Coffee + Cardamom Zeppole

Coffee + Cardamom Zeppole - offbeat + inspired-4

In an effort to expand my cooking repertoire, I’ve been experimenting with new dishes, techniques and recipes. I don’t often make desserts, so I figured that would be a great (and tasty) area in which to step up my culinary game. The latest sweet treat? Italian fried doughnuts, also called zeppole. Yup – deep-fried, buttery, sweet dough covered in sugar. What’s not to love?

After making a few classic-style batches (which thankfully my friends and family helped devour), I whipped up a version that incorporated one of my favorite flavor combinations – coffee and cardamom.

The cardamom balances out the richness of the doughnut while a sprinkling of powdered sugar helps sweeten up the coffee flavor. In the zeppole shown, I used espresso for added intensity, but you can also use coffee concentrate (see recipe below).

Coffee + Cardamom Zeppole - offbeat + inspired-1

Coffee + Cardamom Zeppole - offbeat + inspired-6

Coffee + Cardamom Zeppole - offbeat + inspired-8

Coffee + Cardamom Zeppole - offbeat + inspired-2

Coffee + Cardamom Zeppole - offbeat + inspired-3

Coffee + Cardamom Zeppole
Adapted from Giada DeLaurentiis
Yields 4-6 servings

1 stick unsalted butter
1/2 cup strong coffee, espresso or coffee concentrate*
1/4 cup sugar
1/4 teaspoon salt
1 cup all-purpose flour
3 eggs
1 egg yolk
3/4 tsp ground cardamom
1 Tbsp very finely ground coffee
Vegetable oil, for frying

1. Combine butter, coffee, sugar and salt in a medium saucepan over medium heat. Bring mixture to a boil, stirring every once in a while. Allow the mixture to boil for about 10 seconds and then remove from heat.

2. Add the flour, about ¼ cup at a time, stirring well to ensure all the flour is fully incorporated and a thick dough forms. Return the saucepan to medium-low heat and cook for about 1 minute, stirring constantly.

3. Transfer dough to a stand mixture with the paddle attachment. Turn the mixer to a medium speed and add the eggs and egg yolk, one at a time. Add the cardamom and coffee grounds. Mix until all the ingredients are fully incorporated and the dough becomes glossy and smooth (about 5 minutes of mixing, total).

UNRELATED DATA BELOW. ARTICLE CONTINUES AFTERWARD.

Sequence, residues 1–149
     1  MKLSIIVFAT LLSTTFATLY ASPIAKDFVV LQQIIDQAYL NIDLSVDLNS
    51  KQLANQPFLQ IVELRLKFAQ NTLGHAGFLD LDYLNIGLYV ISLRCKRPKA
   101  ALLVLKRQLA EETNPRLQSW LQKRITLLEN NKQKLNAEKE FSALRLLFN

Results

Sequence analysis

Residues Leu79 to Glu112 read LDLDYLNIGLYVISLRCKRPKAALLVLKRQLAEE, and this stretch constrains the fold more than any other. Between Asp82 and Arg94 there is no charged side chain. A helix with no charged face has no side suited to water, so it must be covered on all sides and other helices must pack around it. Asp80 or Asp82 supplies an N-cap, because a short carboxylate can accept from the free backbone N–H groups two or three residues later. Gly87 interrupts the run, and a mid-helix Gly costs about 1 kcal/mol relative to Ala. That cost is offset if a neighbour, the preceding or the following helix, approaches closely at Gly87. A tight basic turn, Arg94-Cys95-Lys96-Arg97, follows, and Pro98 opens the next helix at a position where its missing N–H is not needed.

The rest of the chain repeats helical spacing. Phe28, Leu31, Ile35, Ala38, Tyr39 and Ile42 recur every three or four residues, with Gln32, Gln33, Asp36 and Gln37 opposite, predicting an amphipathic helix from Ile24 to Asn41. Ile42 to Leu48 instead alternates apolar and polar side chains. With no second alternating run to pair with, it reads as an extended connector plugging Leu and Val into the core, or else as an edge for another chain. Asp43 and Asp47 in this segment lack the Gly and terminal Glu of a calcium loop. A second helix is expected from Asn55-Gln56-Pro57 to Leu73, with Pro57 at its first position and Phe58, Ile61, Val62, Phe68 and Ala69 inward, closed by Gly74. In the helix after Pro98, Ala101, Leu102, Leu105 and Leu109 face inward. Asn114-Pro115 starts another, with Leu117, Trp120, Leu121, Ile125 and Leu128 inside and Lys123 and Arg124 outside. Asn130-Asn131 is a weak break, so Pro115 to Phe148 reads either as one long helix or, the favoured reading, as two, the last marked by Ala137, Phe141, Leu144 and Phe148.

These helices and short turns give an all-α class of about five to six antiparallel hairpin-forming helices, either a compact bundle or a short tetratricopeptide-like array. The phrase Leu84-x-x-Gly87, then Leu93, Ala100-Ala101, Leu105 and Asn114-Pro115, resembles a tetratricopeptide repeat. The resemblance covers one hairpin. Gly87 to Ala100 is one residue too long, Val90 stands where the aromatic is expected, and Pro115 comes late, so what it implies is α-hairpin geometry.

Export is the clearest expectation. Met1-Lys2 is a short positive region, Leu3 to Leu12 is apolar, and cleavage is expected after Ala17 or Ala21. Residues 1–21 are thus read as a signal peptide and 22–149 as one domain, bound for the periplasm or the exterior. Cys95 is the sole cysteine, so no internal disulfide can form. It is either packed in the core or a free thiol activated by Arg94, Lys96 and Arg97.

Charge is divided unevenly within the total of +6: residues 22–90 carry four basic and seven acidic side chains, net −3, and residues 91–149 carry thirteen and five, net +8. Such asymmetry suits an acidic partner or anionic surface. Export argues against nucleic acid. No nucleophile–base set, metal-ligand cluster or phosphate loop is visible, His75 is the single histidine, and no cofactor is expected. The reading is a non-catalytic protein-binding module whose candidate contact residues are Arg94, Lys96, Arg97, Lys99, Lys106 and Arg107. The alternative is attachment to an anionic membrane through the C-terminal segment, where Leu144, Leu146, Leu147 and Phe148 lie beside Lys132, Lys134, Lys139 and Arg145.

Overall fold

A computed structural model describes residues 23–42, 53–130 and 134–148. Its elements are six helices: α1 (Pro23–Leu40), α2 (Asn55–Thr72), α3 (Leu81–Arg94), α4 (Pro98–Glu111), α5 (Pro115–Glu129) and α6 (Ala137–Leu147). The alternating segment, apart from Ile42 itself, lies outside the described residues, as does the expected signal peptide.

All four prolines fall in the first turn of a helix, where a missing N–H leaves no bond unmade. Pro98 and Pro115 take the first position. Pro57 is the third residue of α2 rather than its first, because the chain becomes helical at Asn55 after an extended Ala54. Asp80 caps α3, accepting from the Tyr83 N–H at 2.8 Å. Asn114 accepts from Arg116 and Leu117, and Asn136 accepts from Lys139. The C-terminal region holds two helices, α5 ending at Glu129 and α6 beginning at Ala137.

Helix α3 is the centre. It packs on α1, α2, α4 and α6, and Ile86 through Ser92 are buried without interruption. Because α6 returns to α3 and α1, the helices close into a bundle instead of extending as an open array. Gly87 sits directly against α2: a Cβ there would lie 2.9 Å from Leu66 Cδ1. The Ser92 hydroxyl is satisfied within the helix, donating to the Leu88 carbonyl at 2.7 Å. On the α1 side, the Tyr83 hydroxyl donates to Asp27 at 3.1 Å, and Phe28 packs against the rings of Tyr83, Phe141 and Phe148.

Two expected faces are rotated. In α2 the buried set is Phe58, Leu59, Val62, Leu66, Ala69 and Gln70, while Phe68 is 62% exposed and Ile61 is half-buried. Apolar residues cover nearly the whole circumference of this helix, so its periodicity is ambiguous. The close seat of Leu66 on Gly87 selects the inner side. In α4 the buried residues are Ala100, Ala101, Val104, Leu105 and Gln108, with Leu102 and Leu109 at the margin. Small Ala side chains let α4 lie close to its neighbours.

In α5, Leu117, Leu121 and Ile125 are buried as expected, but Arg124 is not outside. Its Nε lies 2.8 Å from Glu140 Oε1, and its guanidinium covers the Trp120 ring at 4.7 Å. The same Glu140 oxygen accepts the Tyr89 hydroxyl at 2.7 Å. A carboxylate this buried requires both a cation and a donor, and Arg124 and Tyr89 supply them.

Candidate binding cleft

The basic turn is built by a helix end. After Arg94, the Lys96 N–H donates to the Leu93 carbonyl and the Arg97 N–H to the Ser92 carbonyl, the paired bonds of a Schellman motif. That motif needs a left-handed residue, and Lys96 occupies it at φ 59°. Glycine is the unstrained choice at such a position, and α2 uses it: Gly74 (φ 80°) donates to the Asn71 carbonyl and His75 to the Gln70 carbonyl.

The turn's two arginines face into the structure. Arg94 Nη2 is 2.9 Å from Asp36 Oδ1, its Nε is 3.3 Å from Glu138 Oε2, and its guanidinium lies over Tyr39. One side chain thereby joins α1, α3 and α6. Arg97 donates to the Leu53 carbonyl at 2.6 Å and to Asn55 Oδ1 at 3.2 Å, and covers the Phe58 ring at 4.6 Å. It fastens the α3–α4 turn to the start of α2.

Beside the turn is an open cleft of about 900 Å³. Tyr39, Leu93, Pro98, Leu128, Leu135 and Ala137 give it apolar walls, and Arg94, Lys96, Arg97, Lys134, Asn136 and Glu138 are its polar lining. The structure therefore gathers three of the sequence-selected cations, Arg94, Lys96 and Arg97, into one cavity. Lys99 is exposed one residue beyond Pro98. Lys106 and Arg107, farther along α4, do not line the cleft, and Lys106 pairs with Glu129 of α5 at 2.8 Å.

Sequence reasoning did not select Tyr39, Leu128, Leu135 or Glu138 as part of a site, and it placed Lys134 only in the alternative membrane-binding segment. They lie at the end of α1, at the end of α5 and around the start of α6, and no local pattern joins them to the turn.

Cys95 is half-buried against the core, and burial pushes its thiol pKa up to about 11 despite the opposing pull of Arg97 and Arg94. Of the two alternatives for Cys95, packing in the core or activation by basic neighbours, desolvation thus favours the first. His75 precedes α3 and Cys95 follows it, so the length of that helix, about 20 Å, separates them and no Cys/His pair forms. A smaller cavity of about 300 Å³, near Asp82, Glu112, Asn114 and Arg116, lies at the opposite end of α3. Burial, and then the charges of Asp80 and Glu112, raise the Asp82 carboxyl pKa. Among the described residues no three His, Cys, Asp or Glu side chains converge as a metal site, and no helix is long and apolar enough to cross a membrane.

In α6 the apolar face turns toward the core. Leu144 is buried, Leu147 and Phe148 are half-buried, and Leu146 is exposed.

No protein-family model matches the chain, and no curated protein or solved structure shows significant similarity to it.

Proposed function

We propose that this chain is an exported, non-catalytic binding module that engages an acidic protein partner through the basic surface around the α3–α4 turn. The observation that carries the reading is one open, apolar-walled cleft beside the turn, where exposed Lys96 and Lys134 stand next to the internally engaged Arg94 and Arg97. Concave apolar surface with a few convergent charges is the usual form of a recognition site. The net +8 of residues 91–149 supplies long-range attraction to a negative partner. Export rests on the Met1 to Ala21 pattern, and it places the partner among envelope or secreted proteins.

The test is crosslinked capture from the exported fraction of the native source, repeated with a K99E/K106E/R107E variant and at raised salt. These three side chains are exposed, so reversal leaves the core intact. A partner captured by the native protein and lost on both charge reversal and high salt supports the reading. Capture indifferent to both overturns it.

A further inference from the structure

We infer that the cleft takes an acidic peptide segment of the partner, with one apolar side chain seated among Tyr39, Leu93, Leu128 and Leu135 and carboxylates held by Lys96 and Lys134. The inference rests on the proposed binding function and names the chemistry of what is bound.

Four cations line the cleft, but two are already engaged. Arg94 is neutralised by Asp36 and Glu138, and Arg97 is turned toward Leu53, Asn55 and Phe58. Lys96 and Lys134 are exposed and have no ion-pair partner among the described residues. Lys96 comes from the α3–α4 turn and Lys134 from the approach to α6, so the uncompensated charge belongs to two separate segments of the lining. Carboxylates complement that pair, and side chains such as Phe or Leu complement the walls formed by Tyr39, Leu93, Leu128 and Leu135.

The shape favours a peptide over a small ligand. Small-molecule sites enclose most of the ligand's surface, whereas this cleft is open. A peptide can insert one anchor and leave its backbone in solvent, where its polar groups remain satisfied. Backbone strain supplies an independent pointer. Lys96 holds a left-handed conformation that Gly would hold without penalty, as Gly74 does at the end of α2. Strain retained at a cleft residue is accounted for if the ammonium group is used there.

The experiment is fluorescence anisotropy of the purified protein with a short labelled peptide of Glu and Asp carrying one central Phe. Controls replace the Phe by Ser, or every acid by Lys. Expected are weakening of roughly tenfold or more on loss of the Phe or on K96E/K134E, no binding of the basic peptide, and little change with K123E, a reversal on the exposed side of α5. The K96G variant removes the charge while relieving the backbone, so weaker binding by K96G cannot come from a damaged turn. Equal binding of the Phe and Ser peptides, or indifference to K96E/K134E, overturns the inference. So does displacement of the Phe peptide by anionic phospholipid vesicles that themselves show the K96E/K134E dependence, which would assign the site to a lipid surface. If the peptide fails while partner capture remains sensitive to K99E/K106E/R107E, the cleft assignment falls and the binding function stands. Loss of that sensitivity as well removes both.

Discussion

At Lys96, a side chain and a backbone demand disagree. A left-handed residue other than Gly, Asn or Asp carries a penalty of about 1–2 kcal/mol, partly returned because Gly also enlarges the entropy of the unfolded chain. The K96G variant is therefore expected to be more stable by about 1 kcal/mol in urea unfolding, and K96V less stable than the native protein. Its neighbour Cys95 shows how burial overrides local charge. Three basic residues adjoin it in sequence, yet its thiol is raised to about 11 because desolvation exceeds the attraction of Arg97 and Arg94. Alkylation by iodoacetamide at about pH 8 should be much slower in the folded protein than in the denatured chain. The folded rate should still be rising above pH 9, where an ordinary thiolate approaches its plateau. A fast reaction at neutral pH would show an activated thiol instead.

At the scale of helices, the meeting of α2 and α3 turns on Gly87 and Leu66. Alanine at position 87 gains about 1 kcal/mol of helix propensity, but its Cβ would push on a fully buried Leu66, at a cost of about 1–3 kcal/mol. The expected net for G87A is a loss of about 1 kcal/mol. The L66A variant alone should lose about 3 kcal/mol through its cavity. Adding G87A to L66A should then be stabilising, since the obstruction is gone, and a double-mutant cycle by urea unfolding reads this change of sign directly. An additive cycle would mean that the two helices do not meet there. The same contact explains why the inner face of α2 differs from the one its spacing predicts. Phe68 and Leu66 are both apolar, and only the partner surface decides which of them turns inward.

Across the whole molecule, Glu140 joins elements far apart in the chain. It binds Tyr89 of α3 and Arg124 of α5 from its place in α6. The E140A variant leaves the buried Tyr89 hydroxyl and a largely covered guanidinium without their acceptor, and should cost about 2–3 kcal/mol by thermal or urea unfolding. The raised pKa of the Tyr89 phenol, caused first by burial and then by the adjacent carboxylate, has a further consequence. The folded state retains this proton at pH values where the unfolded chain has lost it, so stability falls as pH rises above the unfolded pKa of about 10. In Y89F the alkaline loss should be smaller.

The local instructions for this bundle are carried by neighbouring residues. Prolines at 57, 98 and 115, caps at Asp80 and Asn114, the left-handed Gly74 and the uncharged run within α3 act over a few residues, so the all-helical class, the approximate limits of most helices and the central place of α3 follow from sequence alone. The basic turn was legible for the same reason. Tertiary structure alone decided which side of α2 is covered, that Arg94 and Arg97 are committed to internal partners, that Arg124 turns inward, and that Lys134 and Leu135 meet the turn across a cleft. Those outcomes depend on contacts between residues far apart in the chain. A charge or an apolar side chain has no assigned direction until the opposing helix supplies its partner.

4. Refrigerate the dough for about 15-20 minutes.

5. In a large, heavy saucepan, pour in enough oil to fill the pan about a third of the way. Heat over medium heat until a deep-frying thermometer inserted in the oil reaches 375 degrees F.

6. Remove the dough from the refrigerator. Using a small scoop or two spoons, drop scoops of dough about one tablespoon in size into the oil. Cook for 3 to 3 1/2 minutes, turning occasionally, until the dough becomes crisp and puffed. Remove zeppole with a slotted spoon and drain on paper towels. Continue this process until all of the dough has been fried. Allow the zeppole to cool slightly, top with powdered sugar (or a coffee glaze like this one) and serve immediately.

Quick Tip: Zeppole taste best when served right away. However, the dough can be made ahead of time, covered and refrigerated until you’re ready to use it. 

*Coffee Concentrate

My favorite way to brew coffee concentrate is to use a Toddy Cold Brewer. However, if you don’t have a Toddy, here’s an alternative method that uses a French Press.

1 cup coarsely ground coffee (I suggest FreshGround Roasting’s Market Blend or Honduras)
4 cups cold water

1. Add coffee to a French Press. Pour the cold water over the grounds, ensuring that all of the grounds get wet.

2. Let steep overnight, or for 8-16 hours.

3. After coffee has steeped, use the plunger on the French Press to strain your coffee.

4. Pour brewed coffee concentrate into a container that can be covered and stored in your refrigerator. This recipe makes more than you’ll need for the zeppole; the leftover concentrate can be refrigerated for up to two weeks.

This post was originally featured by East Coast Creative.

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  1. […] the concentrate in the refrigerator for up to two weeks and use it for treats like cardamom-infused Italian fried doughnuts, iced lattes or coffee pudding. The simple syrup will keep for nearly a month and is the perfect […]

  2. […] For those avid coffee lovers and enthusiasts, you can also substitute in a coffee concentrate in the recipe instead of using espresso. See recipe here.  […]

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